About Muskoxen

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Muskoxen *

a-muskox.jpg (8865 bytes)Should you be lucky enough to see the trademark shaggy coat of the muskox (umingmak), you may feel like you’ve been transported back in time. Indeed, it’s easy to imagine continental ice sheets covering much of North America — as they did some 18,000 years ago — when in the company of the “bearded one.”

Unlike caribou, which prefer slow-growing lichens, muskoxen depend largely on grasses and sedges that recover relatively quickly from heavy grazing. In the summer, these herbivores may be seen in river valleys, along lake shores and near damp meadows. If grasses and sedges become unavailable in winter, muskoxen move onto ridges and hilltops to feed on willows and other plants. They are often seen in groups of 10 to 20, depending on season and location. When threatened, muskoxen form defensive circles with adults facing outwards and calves in the centre. This behavior, while effective against four-legged predators, makes muskoxen easy prey for human hunters.

Large numbers of muskoxen roamed the tundra of Nunavut before the arrival of European and Canadian traders. The subsequent market for meat and hides reduced their populations to dangerously low numbers until Canada protected them in 1917. Since then, muskoxen have recovered and recolonized most of their historic range so that closely regulated harvesting can be sustained. Today, Nunavut holds most of Canada’s muskoxen, with about 60,000 animals. The species occupies much of Nunavut, except for the eastern mainland and Baffin Island.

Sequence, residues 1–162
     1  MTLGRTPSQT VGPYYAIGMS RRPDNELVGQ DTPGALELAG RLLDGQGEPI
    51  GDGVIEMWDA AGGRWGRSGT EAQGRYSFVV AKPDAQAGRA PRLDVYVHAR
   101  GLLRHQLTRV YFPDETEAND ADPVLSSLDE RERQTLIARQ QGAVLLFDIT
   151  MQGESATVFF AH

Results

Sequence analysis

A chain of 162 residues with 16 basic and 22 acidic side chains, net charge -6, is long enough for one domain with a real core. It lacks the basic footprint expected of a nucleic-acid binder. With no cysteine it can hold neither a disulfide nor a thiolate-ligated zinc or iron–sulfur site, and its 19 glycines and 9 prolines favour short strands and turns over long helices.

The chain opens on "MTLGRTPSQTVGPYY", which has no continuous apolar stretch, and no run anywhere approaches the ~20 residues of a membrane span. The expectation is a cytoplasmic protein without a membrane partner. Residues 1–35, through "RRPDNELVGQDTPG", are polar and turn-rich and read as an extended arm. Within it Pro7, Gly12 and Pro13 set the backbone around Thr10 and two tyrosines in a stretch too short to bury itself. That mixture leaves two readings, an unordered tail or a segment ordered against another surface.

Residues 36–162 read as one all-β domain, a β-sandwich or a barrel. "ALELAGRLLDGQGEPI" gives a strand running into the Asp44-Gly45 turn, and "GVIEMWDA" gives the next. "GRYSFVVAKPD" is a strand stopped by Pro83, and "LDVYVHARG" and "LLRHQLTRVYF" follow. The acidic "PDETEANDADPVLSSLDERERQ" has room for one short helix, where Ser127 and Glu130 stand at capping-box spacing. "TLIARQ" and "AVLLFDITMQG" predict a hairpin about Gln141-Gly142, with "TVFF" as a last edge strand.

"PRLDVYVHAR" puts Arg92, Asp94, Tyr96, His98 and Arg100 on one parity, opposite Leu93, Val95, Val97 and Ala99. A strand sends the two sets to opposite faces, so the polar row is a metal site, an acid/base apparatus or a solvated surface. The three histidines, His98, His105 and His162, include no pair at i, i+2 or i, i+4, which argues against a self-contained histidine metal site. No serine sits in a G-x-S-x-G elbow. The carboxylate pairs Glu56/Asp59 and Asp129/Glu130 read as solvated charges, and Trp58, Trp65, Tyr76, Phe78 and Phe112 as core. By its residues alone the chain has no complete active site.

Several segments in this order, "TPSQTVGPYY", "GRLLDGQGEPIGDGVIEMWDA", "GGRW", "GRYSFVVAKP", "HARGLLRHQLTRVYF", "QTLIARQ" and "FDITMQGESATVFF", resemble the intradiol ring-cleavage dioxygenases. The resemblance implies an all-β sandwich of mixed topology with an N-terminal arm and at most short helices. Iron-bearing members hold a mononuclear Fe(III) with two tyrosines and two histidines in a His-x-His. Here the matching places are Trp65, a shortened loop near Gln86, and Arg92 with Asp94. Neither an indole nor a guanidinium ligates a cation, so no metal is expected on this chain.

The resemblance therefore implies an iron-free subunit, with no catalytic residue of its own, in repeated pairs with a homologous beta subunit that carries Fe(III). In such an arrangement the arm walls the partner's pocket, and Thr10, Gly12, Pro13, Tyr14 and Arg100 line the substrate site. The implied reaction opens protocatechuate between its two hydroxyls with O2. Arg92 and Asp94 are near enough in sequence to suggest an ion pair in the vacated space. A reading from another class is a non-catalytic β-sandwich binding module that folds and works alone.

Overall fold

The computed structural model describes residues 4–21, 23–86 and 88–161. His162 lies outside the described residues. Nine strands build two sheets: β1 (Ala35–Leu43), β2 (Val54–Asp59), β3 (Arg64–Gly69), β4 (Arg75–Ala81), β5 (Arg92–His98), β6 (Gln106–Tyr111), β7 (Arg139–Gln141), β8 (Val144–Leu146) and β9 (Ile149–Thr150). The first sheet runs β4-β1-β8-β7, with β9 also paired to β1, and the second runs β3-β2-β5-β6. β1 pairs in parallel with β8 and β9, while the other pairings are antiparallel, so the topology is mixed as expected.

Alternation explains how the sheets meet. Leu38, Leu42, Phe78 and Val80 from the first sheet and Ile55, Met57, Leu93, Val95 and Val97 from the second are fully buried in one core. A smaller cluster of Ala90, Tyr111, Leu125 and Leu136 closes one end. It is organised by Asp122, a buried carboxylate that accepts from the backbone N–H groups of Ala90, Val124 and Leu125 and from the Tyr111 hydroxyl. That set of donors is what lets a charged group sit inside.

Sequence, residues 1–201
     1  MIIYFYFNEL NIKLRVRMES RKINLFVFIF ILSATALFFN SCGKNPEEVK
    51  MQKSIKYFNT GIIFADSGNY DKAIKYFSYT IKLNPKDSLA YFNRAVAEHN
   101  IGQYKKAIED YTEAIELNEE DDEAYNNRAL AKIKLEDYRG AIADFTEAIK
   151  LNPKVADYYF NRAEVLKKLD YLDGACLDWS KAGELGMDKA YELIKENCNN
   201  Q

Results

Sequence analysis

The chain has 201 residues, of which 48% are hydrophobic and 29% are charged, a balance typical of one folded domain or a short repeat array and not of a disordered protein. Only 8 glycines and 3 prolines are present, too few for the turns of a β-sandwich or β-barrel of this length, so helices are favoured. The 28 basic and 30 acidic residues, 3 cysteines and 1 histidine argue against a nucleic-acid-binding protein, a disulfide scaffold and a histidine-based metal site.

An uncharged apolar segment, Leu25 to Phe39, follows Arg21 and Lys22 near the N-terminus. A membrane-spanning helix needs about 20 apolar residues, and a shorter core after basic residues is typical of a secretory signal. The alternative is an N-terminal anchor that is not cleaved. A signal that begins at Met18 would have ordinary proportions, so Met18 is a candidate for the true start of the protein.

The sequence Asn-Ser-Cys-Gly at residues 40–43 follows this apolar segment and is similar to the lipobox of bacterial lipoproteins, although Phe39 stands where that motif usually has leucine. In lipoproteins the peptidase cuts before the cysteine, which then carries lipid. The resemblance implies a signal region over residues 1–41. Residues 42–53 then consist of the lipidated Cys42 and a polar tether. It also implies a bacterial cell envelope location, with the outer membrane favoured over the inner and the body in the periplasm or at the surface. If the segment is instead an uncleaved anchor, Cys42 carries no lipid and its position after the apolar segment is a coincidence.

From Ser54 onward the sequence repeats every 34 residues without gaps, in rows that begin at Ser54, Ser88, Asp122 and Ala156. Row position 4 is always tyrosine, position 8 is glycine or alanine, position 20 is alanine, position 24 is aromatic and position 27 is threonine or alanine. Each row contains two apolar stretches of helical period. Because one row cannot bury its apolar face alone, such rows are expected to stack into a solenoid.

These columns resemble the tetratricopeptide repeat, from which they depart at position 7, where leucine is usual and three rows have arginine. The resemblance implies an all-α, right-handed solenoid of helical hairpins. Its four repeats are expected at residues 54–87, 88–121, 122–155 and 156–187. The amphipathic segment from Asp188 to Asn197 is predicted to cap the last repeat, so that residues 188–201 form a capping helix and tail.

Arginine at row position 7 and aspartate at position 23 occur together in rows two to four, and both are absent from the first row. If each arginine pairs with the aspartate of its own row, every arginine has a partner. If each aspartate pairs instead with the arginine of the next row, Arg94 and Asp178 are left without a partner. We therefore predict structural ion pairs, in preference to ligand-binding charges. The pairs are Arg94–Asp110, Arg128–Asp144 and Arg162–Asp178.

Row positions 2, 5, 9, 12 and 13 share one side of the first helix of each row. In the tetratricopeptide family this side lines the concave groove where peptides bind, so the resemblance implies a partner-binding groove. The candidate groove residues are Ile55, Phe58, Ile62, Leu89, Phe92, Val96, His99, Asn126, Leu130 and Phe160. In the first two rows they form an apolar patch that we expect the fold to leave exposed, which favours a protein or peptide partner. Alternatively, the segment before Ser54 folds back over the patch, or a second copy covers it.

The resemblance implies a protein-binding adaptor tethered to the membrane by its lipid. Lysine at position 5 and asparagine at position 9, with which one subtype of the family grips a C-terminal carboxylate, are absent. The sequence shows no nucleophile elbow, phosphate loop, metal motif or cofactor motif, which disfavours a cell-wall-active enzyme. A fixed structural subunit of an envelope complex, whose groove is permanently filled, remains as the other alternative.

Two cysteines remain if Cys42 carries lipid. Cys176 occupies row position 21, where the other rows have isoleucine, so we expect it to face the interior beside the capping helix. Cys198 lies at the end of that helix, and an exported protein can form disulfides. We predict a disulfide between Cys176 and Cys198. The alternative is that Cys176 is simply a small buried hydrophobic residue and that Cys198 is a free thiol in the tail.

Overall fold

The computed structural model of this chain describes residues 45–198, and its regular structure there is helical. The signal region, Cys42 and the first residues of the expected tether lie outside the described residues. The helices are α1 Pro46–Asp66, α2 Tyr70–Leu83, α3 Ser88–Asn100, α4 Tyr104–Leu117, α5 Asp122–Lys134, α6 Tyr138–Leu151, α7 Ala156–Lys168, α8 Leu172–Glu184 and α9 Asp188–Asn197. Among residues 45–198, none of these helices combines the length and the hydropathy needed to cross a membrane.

Inuit do not usually prefer muskoxen over caribou, although the meat can be delicious and the skins produce warm sleeping robes. Beginning in May, muskoxen shed large quantities of their underfur (qiviut), which can be spun into a luxurious wool. Bulls weigh about 350 kilograms, some 50 kilograms heavier than cows. Muskoxen mate in the summer; bulls can become unpredictable during this period. Do not approach muskoxen too closely, especially if you’re not accompanied by an experienced guide. They can be aggressive.

ABOUT THE WOOL²:
The Oomingark [as the Inuit call it] is covered all over with “wool”, except for it’s horns,
hooves, lips and nose, with an underlayer of short fine wool for exceptional warmth. A
much longer outer coat composed of shaggy hair up to 24″ in length covers the
animal, hanging nearly to the ground and giving the muskox its mystic appearance.

The coat is generally dark brown or nearly black. About the shoulders it is extremely
shaggy and forms a distinct mane, especially noticeable on bulls. Behind the shoulder is a short white or creamy yellow “saddle”. The lower legs have light brown to white “stockings”.

 

* – Reproduced from an article Land Mammals by Marian and Mike Ferguson
contained in the Nunavut Handbook

2 –  Reproduced from NWT Wildlife Sketches Series – Muskox of the Northwest Territories.

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